The Congress declared 26thJanuary, 1930 as ‘Independence Day’, when the Declaration of Independence was officially promulgated. India got independence from British rule in 1947, but was not a republic till 1950, until when the constitution of the country was adopted and the country was declared a Republic. The country was separated and was recognized as a separate country but it still followed British constitution and acknowledged British Monarch as its head. It was only when India adopted its newly written constitution on 26thJanuary, 1950 that India became a Republic.The new Indian Constitution took effect on 26thJanuary, 1950 to mark the 1930 declaration. That is why 26thJanuary is a special day in India’s history in more ways than one.

The Constitution of India is the supreme law of India. It is a living document, the permanent instrument which makes the government system work.[10]It lays down the framework defining fundamental political principles, establishes the structure, procedures, powers and duties of government institutions and sets out fundamental rights, directive principles and the duties of citizens. It is the longest written constitution of any sovereign country in the world.[11]At the time of commencement, the constitution had 395 articles in 22 parts and 8 schedules and consists of almost 80,000 words.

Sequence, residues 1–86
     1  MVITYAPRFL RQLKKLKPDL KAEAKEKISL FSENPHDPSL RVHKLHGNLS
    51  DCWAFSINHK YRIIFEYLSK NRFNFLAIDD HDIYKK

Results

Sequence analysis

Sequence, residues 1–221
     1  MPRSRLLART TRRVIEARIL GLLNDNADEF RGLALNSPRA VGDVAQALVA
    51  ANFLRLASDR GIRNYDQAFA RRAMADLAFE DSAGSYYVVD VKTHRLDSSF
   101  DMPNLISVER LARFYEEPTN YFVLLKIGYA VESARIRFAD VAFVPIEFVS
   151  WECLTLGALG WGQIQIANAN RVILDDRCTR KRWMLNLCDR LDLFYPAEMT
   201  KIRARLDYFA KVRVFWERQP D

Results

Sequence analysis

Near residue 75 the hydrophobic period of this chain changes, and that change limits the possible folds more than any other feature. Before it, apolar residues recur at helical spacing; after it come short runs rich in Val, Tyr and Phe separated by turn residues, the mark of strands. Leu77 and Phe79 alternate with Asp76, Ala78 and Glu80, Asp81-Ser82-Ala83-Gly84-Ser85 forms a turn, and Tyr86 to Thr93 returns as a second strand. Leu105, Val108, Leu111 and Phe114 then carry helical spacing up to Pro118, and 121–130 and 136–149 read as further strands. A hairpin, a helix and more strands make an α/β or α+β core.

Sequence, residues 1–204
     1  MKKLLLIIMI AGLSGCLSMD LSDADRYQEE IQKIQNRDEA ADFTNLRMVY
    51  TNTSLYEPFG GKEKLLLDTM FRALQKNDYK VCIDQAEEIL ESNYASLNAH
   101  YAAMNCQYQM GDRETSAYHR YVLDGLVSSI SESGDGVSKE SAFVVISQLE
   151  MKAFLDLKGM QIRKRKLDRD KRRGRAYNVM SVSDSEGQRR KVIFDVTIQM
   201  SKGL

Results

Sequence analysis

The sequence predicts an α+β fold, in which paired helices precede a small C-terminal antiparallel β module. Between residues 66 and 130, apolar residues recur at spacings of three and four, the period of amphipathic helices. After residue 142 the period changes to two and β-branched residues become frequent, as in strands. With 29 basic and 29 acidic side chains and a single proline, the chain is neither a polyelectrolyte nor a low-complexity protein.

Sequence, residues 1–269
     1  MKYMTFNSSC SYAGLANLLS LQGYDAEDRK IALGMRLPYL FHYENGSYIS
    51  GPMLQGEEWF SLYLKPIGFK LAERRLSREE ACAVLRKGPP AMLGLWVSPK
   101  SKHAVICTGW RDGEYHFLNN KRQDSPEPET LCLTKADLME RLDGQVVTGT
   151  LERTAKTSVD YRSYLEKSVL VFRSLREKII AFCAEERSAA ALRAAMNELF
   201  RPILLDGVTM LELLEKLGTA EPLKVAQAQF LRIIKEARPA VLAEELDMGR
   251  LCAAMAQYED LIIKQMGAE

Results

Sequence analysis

The unambiguous commitment to a democratic, secular, egali­tarian and civil libertarian society by the framers of the constitution is a clear indication of the foresight of the learned makers of the constitution and their commitment for the welfare of all but not of the few.

Last but not the least, I am again mentioning the quote of Dr. Babasaheb Ambedkar, which he had made in the concluding remarks of his speech in 1948:[12]

I feel that the constitution is workable, it is flexible and it is strong enough to hold the country together bothin peacetime and in wartime. Indeed, if I may say so, if things go wrong under the new Constitution, the reason will not be that we had abad Constitution. What we will have to say is thatMan was vile.

[1] A constitution means a document having special legal sanctity which sets out the frame work and the principal functions of the organs of the Government of the State and declares the principles governing the operation of those organs.